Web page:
Thomas was alert to the danger of becoming merely a prodigy—like the surrealist poet David Gascoyne, who published his first book in 1932, at the age of sixteen—and insisted that his work be judged without reference to his age. But at the same time he played up his boyishness for comic or pathetic effect: at age twenty-three, he was still joking about his “particular baby bulbousness . . . like an Aryan Harpo bitten by wasps.” In her memoir, Caitlin recalled that when they first met “Dylan may have been a skinny, springy lambkin, but I was more like its buxom mother then, and distinctly recollect carrying him across streams under one arm.” And his early love letters try to enlist her in a conspiracy of Peter Pans: “You mustn’t look too grown-up, because you’d look older than me; and you’ll never, I’ll never let you, grow wise, and I’ll never, you shall never let me, grow wise, and we’ll always be young and unwise together.”

This hope—like Thomas’s assurance, in a letter to his sister just before his marriage, that Caitlin cared “absolutely nothing for the responsibilities of husbandly provision”—was inevitably disappointed. For it was Caitlin who had to bear the full brunt of Thomas’s womanizing, drunkenness, unemployment, and simple domestic helplessness. (On one occasion, Lycett writes, Caitlin asked her husband to make a cup of tea, and “he came back with a curious greasy concoction, explaining he could not find a top for the pot, so had covered it with half a pound of cheese.”) Not unnaturally, she grew bitter, to the point of becoming, by most accounts, a monster. Lycett tells the story of how, when she suspected Thomas of flirting with a woman at a party, “she came up behind her supposed rival and, without saying a word, stubbed her cigarette down hard on the back of [her] hand. Then she said, ‘Hullo’ and walked calmly away to talk to someone else.” Lycett acknowledges the extent of Caitlin’s infidelities, but does not mention her nonchalant admission to Ferris, in the late nineteen-seventies, that “only a miracle had saved” her three children by Thomas “from being somebody else’s.”

The only person more revolted by his weakness than Caitlin was Thomas himself. Philip Larkin, the leading British poet of the generation after Thomas’s, claimed to have read his published correspondence “with almost supernatural boredom, scrounging, apologising, promising, apologising again, fixing up appointments, apologising for not keeping them.” But Thomas was well aware of the impression he made, writing to one editor that “nobody, one might think, could say that he was sincerely sorry so many times and still be sincere about it.” Thomas, however, was sincere, every time; he just wasn’t able to change, and his helplessness left him prey to a venomous self-loathing. “The selfish trouble,” he explained to the poet and critic Henry Treece, “is that I myself have had to put up with these seriously annoying faults for so long that I’ve almost come to think other people can bear them. I am the one who wakes up nearest to myself, and the continual horror that comes from the realisation of this individuality has made me almost to believe that the reactions of others to my horrible self . . . are small enough, in comparison.” Two years before his death, in a letter written to Princess Marguerite Caetani—the American-born editor of the international literary magazine Botteghe Oscure—he offered a more damning self-portrait than any enemy could: “I’m sick of my always hurdygurdying these little griefs out and me like a monkey on the top of it all with my beggar’s cap.”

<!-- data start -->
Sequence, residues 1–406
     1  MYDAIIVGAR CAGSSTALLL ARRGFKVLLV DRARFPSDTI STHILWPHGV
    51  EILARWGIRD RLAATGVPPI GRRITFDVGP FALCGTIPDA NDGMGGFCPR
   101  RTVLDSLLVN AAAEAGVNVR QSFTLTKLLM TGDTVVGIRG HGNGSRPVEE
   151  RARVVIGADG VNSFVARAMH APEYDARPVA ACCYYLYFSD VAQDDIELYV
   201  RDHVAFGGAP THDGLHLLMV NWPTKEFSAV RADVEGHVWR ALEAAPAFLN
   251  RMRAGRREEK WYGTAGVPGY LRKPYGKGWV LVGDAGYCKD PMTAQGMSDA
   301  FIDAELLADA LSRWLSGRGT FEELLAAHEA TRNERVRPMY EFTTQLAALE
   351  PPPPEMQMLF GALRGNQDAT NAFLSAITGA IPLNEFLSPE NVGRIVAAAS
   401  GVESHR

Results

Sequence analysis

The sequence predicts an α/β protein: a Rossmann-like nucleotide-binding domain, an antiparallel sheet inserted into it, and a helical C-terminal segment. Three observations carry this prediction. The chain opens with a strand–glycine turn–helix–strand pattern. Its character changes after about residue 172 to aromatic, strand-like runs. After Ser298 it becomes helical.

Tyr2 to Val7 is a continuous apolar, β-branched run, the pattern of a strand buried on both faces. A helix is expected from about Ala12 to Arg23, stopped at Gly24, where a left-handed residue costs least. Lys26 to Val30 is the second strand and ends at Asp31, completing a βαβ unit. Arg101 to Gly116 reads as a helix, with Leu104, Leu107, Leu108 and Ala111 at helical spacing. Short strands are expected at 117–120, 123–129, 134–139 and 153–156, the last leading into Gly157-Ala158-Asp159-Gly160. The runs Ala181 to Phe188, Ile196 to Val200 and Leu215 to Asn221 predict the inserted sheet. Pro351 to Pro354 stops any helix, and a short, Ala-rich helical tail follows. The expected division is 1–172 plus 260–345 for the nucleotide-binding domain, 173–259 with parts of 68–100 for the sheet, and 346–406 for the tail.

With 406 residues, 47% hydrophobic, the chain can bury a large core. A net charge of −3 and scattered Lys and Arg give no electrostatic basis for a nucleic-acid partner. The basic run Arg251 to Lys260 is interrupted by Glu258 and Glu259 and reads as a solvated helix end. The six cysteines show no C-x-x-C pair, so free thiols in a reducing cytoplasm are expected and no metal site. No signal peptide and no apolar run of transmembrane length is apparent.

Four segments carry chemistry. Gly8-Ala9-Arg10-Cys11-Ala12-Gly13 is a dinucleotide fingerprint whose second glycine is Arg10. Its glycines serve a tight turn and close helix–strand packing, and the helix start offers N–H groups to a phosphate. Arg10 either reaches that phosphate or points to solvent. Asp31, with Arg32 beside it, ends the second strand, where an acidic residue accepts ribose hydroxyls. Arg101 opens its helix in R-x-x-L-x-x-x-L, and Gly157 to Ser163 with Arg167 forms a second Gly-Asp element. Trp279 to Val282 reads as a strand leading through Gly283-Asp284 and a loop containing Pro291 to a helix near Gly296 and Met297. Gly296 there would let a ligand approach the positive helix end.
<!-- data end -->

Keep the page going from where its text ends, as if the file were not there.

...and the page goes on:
The many people who tolerated and encouraged Thomas’s vices used his genius as an excuse. More accurately, his vices were seen as an indispensable part of his genius; he fit the vulgar stereotype of the poet whose head was in the clouds, what he himself derided as the “Dreamy Poet Type B classified by Punch.” And when Thomas’s life of helplessness was consummated in a helpless death, brought on by weeks of hard drinking and a doctor’s morphine injection, there was a widespread, if disguised, satisfaction at this perfection of the stereotype. Thomas’s end could be appreciated on the terms Saul Bellow described in “Humboldt’s Gift”: “For some reason this awfulness is peculiarly appreciated by business and technological America. . . . The weakness of the spiritual powers is proved in the childishness, madness, drunkenness, and despair of these martyrs. . . . So poets are loved, but loved because they just can’t make it here.”

Indeed, Thomas’s death was at least a dress rehearsal, and possibly a direct inspiration, for the fates of a generation of American poets. Delmore Schwartz, in the psychotic and alcoholic haze of his last years, began to haunt the White Horse Tavern, the famous site of Thomas’s dissipations. Elizabeth Bishop, whose reticent, lucid poetry could not be more different from Thomas’s, felt an “instantaneous sympathy” when they met in 1950, during her tenure as Poetry Consultant to the Library of Congress. Writing to Pearl Kazin—whose affair with Thomas was by far the most serious of his American romances—just after his death, Bishop claimed her own kinship with Thomas: “In my own minor way I know enough about drink & destruction.”

Most possessive of all was John Berryman, who was a graduate student at Cambridge when he first met Thomas, in the late nineteen-thirties. Berryman—who was born just two days before Thomas—was staying at the Chelsea when Thomas had his final collapse there, and was the only person at his bedside when he stopped breathing. As Pearl Kazin recalled, she and Berryman both attended a conference at Bard College during Thomas’s last, comatose weekend; on one country walk, Berryman “kept saying, as he took long gulps of air: ‘I’m breathing for Dylan, if I breathe for him perhaps he will remain alive.’ ” Months before Berryman’s suicide, in 1972, following his own battle with alcoholism, he wrote “In Memoriam (1914-53),” an elegy for Thomas: